In this edition of Pastastic I'll kick you off with 3 quick recommendations:
1 - Get yourself a spaghetti spoon (see below).
I just started using one and now I'm kicking myself for not having done it years ago. What a tool!
2 - Try making pasta sauce with vodka (also below). This boozy dish is creamily delicious.
3 - Avoid turning your love for food into a bigger waistline with this great over-eating article.
Recommendations over then, let's get cooking...
Inside this month's issue:
A Superior Spoon
A product recommendation at the start of Pastastic? Have I sold my soul? No, it's just that this product really is that useful.
New recipes and product pages including pasta with vodka sauce, basil growing advice and plenty of pans.
It's not about the size y'know. No siree, it's about the length...
A quick query from Mumbai about feeding a vegan son.
Site of the Month
Chop your food bills by turning your fingers green.
Learning La Lingua
If you're traveling to Italy, you're bound to want to buy groceries at some point. This quick ingredient guide should help.
Matt - firstname.lastname@example.org
"A tavola non si invecchia"
(one doesn't age while seated for a meal)
- Italian proverb
A Superior Spoon
Introducing a small product that makes pasta-loving life much easier.
The Good Grips Spaghetti Server is not only useful for serving up long pasta, but stirring it in the pan too. This helps ensure pasta threads such as spaghetti and fettuccini don't turn into a tangled mess. Highly recommended.
Grab it on Amazon here.
Penne pasta with vodka sauce
Whilst I'm not sure you should serve it to kids, I wouldn't worry too much about this dish getting you wasted. What it'll do instead is introduce you to a tomato cream sauce with real hidden depth.
Pasta with butter
Thanks to site visitor Dedi from New York for supplying this quick and scrummy dinner dish via my Reader Recipes page. All you need is unsalted butter and some breadcrumbs. Fling on a fried egg for a breakfast pasta-style treat.
Quick Guide: Planting basil
So many pasta meals use basil - from lasagna to pesto sauce - that it's always useful to have some kicking around at home. So why not ensure this by growing it yourself? (Thanks to Megan from No Dig Vegetable Garden for her help with this page).
Top 3 Italian cook books
If you only ever buy one Italian cook book, I suggest you make it one of the 3 here. I've used these tasty tomes for years now, and I'm still loving to learn their recipes. The Silver Spoon in particular is an absolute revelation, not least because it's now finally available in English!
Pasta Pan Store
If you're in need of a new pasta pan, this carefully chosen Amazon selection should help. You'll find all kinds of kitchenware here, from Rachel Ray's popular anodized aluminum beast to a Gordon Ramsey set and various 8- and even 12-quart options.
According to the Guinness Book of Records, the longest strand of pasta ever made measured 1,806 m (5,925 ft). This major mouthful was produced by Potenzas' Council in Potenza, Italy on August 9, 2006.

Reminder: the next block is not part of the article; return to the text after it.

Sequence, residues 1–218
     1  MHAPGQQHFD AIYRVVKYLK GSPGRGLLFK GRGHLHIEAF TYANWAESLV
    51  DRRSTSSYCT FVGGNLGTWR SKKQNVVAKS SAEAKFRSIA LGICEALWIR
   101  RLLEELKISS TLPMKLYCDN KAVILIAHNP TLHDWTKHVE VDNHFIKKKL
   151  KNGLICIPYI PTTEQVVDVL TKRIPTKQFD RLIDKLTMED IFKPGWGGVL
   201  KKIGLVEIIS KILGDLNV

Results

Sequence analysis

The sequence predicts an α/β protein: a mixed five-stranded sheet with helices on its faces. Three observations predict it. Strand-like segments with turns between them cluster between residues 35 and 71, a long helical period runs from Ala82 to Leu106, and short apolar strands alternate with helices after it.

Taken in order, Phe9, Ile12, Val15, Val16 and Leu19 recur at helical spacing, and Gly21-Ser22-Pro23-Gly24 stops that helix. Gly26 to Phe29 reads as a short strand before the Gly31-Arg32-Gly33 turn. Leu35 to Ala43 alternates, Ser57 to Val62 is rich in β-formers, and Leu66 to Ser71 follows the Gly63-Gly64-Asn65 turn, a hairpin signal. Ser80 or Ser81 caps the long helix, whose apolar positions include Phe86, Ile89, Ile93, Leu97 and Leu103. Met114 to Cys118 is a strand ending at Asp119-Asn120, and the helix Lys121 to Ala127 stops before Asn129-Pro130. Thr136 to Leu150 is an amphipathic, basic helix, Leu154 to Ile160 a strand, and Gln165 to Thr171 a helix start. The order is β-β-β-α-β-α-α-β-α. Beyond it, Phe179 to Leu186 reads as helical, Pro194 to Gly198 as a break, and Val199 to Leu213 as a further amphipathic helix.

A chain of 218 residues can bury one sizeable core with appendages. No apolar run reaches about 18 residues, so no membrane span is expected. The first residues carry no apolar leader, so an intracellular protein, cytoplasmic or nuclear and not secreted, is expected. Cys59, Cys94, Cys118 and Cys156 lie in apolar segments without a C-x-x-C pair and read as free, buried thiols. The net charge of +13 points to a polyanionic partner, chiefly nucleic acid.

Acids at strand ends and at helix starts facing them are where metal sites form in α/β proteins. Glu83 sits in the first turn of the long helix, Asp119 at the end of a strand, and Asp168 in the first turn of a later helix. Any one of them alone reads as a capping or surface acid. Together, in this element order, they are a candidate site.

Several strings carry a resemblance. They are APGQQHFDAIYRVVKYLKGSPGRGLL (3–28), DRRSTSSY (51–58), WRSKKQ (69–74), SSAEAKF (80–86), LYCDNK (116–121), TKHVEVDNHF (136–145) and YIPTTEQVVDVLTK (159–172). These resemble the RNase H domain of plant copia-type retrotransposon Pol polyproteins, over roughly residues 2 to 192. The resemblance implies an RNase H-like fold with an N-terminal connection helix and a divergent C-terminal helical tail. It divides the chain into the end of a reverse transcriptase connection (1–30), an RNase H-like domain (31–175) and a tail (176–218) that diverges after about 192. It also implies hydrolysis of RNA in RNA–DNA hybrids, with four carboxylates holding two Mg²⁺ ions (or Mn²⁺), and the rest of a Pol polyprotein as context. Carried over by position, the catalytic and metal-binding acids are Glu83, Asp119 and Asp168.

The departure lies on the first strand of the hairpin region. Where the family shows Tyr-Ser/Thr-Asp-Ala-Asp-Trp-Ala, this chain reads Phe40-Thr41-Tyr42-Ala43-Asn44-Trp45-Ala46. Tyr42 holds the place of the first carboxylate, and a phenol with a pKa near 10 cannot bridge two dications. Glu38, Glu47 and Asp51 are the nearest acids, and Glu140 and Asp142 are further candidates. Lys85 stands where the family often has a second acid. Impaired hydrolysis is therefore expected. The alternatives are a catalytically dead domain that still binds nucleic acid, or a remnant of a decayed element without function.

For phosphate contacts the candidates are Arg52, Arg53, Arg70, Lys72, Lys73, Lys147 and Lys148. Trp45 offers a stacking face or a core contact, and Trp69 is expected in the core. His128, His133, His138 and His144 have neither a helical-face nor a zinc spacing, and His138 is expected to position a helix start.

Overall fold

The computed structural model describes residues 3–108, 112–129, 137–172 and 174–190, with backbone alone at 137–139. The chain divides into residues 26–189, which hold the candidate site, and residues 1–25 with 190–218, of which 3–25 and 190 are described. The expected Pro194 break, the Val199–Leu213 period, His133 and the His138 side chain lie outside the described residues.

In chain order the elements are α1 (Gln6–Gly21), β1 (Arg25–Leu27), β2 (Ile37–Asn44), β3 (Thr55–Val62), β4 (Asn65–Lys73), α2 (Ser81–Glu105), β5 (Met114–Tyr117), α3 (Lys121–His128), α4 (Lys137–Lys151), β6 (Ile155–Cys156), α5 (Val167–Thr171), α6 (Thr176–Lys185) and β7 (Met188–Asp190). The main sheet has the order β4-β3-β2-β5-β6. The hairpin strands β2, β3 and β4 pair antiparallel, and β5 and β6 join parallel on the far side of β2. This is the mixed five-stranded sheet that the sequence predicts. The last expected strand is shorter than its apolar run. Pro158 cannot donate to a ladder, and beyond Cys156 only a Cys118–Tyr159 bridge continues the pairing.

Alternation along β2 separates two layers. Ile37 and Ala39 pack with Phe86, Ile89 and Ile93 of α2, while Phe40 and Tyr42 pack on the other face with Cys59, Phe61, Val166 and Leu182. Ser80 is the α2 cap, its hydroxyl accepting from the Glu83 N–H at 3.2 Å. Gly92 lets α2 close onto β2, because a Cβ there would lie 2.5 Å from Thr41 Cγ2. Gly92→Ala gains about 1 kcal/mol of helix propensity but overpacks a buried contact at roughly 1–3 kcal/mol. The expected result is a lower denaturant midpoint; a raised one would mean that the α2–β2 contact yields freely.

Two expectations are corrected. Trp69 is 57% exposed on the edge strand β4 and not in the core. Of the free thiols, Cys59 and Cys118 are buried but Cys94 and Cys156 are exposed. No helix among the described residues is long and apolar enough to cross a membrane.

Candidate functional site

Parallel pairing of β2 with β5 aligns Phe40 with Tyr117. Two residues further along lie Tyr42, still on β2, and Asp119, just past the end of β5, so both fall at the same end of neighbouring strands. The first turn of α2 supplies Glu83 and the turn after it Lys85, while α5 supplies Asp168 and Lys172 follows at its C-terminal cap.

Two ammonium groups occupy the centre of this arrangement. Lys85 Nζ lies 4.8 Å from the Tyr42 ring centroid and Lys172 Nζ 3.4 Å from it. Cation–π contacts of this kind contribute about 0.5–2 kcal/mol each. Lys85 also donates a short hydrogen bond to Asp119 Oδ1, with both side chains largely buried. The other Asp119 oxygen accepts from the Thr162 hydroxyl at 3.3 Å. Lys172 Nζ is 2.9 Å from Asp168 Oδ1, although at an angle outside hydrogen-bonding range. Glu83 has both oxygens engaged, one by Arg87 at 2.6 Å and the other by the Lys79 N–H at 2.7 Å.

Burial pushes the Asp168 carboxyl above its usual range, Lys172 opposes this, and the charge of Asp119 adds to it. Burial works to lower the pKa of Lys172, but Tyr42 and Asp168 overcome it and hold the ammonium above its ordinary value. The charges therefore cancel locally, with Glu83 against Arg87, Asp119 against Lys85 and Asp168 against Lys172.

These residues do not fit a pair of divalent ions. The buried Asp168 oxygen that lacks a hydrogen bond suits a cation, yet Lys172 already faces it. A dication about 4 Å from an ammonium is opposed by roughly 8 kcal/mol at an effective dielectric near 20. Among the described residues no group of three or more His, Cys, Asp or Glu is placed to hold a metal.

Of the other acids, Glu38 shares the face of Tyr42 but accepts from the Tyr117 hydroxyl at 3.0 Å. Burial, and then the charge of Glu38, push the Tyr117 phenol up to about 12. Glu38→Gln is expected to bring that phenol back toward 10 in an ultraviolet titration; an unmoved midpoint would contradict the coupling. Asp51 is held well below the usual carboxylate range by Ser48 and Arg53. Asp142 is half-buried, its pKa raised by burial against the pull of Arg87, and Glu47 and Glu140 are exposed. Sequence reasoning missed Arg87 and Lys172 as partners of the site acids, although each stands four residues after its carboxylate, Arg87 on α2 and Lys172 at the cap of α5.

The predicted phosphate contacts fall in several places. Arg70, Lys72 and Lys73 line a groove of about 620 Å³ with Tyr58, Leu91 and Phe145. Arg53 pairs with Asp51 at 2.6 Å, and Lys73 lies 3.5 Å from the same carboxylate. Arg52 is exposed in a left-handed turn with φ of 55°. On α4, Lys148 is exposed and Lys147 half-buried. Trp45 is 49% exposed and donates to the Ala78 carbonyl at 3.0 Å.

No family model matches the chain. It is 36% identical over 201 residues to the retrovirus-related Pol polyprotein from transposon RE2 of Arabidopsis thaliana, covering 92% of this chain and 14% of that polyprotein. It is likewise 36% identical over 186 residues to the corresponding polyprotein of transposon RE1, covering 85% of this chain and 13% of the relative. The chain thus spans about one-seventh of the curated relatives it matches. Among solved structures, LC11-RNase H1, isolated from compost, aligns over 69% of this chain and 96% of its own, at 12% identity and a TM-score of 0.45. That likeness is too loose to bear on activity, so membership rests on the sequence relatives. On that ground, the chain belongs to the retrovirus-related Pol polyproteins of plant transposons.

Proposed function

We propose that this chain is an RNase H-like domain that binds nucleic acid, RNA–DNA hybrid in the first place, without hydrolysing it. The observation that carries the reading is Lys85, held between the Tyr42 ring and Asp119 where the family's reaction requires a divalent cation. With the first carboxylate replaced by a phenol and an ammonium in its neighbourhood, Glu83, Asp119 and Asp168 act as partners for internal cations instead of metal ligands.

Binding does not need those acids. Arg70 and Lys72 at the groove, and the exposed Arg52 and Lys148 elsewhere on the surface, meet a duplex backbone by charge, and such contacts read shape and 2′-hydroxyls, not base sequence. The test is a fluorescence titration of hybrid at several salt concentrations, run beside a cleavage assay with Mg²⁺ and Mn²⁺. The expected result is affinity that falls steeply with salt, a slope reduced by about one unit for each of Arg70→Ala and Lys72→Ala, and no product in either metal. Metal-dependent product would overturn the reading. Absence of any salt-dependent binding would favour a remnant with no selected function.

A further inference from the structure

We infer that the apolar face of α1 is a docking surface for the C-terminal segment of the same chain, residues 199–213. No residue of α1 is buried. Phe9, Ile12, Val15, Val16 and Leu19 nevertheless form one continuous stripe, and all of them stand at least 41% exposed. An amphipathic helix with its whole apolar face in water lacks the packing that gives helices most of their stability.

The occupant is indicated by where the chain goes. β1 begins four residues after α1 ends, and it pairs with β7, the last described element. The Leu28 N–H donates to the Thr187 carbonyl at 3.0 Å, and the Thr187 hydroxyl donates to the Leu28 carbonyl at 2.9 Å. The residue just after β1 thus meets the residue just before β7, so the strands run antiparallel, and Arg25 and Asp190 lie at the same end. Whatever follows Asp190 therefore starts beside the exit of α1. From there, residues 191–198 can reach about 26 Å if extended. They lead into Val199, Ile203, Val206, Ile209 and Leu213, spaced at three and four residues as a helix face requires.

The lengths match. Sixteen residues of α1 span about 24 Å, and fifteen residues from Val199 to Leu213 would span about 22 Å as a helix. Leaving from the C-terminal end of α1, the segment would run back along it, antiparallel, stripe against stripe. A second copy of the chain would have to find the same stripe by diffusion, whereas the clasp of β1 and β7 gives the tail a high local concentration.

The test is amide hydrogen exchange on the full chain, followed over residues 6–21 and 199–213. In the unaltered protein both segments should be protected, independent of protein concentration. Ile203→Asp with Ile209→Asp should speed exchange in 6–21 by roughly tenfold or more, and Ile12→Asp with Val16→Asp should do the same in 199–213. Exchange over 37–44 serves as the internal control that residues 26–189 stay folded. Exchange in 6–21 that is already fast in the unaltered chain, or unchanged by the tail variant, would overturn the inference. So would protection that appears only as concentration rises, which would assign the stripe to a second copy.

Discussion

I live in Mumbai, India....and I have a seven year old who can eat pasta for every meal, seven days a week. I don't like giving him packaged pasta all the time, so I searched the net for homemade pasta and came across your site.
So I have a question. I am a vegetarian so do not use egg.... can I make pasta without egg? And is there another way to stick garganelli?
I know how your little one feels... I'm exactly the same!
You can easily make homemade pasta without egg, just by using a different kind of flour (which makes the mixture thicker). This is durum wheat 'semolina' flour. See the full vegan pasta recipe here: www.pasta-recipes-made-easy.com/vegan-pasta.html
As for garganelli, I would have said to use a dab of milk, but I'm guessing your son doesn't eat any dairy food? If not, I'd try a little water and see how that goes.
Do let me know how you get on, and all the best!
Site of the Month
If the 'current financial climate' has begun to bite at home, why not try growing your own ingredients? This way you can ensure they're not full of nasty additives, plus you'll get that lovely fuzzy feeling that comes from having created something from scratch. Megan's excellent No Dig Vegetable Garden site is packed with clear, helpful advice.
Learning La Lingua
So you're in Italy, you need to buy groceries, but you don't know the names of anything. Not to worry.
Here are my Top 10 Ingredient Primers:
1. Basil = Basilico
2. Parmesan cheese = Parmiggiano Reggiano (ggi = "jee!")
3. Garlic = Aglio (pron. ah-lee-oh)
4. Belly bacon = Pancetta (pron. pan-chetta)
5. Mozzarella cheese = the same, mozzarella
6. Wine = Vino (pron. vee-no)
7. Onions = Cipolle (pron. chi-po-lay)
8. Plain flour (i.e. for making fresh pasta) = farina (pron. far-ee-na).
Super-fine flour is farina 00 ('doppia zero')
9. Tomatoes = Pomodori
10. Bread = Pane (pron. pah-nay)
If you would like to learn Italian, I like the Michel Thomas 8-CD audio course. I've used this a lot and find it easier and quicker to learn with than any other language product (and I've tried a few!).
You can find it here on Amazon US (or here on Amazon UK).
Most Popular Pages: September
Carbonara sauce - Simple and moreish egg n' bacon.
Tuna pasta recipe - Good for your brain and your taste buds.
Bolognese sauce recipe - Seriously meaty and protein-packed.
Missed your FREE pasta recipe e-book?
Right-click here to save it to your PC.
Like the idea of earning genuine online income at home? I recommend this free ebook.
Get updates when new pasta pages appear: here.
Get in touch with recipes, questions and more. Whatever your query, just let me know.
That's it for this month <>, ciao ciao!
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